30/09/2017 7:08 AM AEST | Updated 30/09/2017 12:55 PM AEST

OK Australia, We Really Need To Talk About What's Wrong With This Picture

This is important.

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Everyone was out in their black and yellow.

With the AFL Grand Final upon us, let the record show that Richmond has the best fans, the best player, the best team song and perhaps even the best team. We'll know more around 5pm Saturday.

But the Richmond football club has a problem. It is colour blind. Famously, the Tigers wear a yellow-and-black strip. The club anthem "Tigerland" features the famous lyrics "yellow and black" which are belted out with extra gusto by fans and players alike.

But ask yourself this: what colour are Tigers? We're talking about actual tigers. As in tigers that go "grrrr". The answer is that tigers are orange and black. Not yellow and black, but orange and black.

As proof, here is a Sumatran tiger.

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Try telling this magnificent creature it is yellow.

And a Bengal tiger.

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Not even slightly yellow.

We could add pictures of Siberian tigers, South China tigers, Malayan tigers, you name it. They'd all be orange or some other flame-type colour much closer to red than yellow.

"Sadly for all those Richmond Tigers fans out there, real life tigers are very much orange and black, with even a little bit of white!" Darren Grover, Head of Living Ecosystems at WWF-Australia, confirmed to HuffPost Australia.

And as if to prove what he said...

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This is one confused kitty.

So why are the Richmond Tigers YELLOW and black? The club's official jumper history offers little of help on this matter. All we know is that it's been yellow-and-black since pretty much day dot.

HuffPost Australia thought we might learn more by speaking to a Richmond legend, so we called five-time Richmond premiership player Francis Bourke, who racked up 300 games in his Richmond-only career.

"I'm not aware of what you're saying about orange and black," he told us, oblivious -- like all Richmond fans -- to the truth about tiger colours. "It's yellow and black for me."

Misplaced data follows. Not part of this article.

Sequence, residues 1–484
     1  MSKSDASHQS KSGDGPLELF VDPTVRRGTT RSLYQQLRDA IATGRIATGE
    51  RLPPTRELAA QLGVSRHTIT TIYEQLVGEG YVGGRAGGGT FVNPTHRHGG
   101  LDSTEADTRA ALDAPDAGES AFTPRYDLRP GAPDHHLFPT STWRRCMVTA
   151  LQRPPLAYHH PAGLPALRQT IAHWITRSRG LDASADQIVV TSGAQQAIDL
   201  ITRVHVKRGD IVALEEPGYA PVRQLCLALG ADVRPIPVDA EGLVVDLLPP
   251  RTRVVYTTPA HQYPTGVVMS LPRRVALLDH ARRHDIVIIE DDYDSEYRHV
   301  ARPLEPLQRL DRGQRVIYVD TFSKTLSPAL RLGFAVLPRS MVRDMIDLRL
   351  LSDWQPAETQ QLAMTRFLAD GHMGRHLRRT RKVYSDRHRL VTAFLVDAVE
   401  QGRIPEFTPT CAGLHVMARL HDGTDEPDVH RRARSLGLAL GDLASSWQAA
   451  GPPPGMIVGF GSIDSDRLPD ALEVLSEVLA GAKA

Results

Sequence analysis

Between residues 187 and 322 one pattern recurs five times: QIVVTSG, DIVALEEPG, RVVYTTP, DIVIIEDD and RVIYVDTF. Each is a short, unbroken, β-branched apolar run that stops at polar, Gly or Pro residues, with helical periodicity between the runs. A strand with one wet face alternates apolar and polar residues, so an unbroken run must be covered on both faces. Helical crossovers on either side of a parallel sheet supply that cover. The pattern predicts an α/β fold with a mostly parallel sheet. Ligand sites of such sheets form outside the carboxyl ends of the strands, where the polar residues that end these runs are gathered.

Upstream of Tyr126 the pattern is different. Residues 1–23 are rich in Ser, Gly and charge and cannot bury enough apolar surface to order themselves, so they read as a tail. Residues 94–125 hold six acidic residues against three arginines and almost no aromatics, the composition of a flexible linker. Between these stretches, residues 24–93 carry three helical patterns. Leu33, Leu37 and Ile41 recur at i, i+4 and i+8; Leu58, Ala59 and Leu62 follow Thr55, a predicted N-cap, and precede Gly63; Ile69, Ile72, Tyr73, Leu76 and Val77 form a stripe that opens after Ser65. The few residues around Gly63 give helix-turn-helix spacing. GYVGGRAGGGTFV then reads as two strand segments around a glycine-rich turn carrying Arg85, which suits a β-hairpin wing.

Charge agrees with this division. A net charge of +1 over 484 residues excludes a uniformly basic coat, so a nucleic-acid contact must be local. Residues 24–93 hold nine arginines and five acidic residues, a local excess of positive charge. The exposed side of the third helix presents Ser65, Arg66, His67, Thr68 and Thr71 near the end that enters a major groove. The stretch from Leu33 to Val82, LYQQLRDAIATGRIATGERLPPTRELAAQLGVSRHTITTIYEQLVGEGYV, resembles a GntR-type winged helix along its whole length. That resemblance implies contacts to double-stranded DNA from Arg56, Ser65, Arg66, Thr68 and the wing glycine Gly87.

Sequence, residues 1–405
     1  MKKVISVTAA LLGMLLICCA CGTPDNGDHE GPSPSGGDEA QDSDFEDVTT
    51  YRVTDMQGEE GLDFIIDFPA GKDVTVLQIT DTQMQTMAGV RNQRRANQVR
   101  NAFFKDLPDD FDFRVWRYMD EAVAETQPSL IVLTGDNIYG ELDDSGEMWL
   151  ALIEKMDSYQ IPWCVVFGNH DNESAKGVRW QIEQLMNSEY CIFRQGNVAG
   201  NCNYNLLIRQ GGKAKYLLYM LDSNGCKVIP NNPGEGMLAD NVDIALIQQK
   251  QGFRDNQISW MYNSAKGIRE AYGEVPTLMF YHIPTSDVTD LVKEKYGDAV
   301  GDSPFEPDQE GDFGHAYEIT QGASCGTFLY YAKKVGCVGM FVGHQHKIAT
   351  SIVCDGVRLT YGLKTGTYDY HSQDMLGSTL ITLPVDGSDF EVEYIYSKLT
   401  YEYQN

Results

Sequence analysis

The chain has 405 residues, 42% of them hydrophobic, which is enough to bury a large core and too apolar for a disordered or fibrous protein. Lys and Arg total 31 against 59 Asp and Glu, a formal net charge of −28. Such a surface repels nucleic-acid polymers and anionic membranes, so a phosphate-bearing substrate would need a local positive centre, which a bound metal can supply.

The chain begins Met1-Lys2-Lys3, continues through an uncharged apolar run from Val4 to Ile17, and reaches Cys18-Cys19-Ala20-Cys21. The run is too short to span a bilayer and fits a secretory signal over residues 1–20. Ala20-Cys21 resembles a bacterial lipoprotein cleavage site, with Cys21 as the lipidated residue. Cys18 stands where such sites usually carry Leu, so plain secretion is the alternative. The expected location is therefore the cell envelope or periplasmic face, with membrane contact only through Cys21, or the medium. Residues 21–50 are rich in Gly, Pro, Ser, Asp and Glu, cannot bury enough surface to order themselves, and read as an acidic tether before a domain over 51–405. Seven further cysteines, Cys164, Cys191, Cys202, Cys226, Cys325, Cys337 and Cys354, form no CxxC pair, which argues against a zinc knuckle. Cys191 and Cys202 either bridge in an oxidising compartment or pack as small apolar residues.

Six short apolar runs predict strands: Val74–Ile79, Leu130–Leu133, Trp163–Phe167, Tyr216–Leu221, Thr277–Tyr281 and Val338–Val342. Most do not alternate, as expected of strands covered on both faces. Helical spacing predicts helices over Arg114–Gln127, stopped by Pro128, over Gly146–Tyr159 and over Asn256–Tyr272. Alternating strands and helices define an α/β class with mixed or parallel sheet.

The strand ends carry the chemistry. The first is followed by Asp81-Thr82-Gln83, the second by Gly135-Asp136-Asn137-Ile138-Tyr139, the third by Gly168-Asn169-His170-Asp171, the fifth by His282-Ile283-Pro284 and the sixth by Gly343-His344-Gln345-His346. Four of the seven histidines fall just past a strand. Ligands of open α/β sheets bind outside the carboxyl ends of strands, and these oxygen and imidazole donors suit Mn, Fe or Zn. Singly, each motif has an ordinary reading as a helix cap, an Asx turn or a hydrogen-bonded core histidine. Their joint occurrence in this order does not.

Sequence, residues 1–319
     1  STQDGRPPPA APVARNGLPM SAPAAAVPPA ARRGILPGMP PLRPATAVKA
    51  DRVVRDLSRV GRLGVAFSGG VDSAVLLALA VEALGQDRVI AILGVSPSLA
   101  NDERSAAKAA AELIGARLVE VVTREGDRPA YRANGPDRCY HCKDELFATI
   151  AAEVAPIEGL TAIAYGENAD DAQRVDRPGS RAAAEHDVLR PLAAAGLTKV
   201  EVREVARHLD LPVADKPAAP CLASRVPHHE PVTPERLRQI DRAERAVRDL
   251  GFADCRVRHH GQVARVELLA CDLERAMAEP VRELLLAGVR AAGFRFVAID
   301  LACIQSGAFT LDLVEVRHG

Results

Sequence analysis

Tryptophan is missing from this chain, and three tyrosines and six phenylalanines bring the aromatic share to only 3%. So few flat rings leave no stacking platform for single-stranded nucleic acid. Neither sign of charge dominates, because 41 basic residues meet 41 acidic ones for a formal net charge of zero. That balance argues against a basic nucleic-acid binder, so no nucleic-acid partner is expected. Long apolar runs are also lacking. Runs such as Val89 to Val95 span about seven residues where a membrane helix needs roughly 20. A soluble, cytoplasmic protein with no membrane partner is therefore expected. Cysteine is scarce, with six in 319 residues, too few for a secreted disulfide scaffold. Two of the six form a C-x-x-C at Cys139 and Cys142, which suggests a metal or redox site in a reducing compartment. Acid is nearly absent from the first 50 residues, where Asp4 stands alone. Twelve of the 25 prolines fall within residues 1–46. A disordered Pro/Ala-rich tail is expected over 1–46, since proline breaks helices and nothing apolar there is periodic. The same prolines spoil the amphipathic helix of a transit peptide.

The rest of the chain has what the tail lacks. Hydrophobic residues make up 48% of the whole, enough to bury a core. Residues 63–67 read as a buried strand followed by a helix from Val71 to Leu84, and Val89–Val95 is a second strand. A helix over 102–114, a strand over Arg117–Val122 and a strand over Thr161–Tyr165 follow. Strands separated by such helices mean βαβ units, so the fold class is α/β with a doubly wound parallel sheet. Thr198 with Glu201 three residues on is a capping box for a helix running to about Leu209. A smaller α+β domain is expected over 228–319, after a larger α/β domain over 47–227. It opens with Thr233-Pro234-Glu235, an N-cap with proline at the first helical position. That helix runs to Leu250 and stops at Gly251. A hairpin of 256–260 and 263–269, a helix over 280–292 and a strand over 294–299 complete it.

Bourke told us that his father Frank -- a WWII veteran who played for Richmond in the 1940s -- also wore the famous yellow sash, in a colour pretty much identical to today's strip. So it appears unlikely that the sash has slowly morphed from orange to yellow down the years.

Meanwhile, in further evidence that no AFL fan in Victoria has the faintest idea what colour real Tigers are, the very pale lemon yellow soft drink Lift, which is official partners of the AFL and Richmond FC, has created a limited edition Tigers-themed beverage available now at Coles across Victoria.


It's not often you'd say the AFL could learn much from the NRL, but here are the NRL's Wests Tigers on the last match of the 2017 regular season. Those jerseys sure do look orange. Just like real tigers.

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Colours aside, we wish Richmond and their admirably enthusiastic (if colour blind) fans all the best in the grand final.

As for their opponents the Adelaide Crows, those guys have really got us stumped.

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My trophy! No, mine!

Red, navy and yellow crows? Silly us, and we thought crows were black.

tiburonstudios via Getty Images
I'll be faaaaaaaarked if we're red, yellow and blue.

And by the way, you should know that there are fewer than 5,000 wild tigers in the world today. If you'd like to help save them for as little as $15, here's a link to WWF-Australia's Adopt a Tiger Program.

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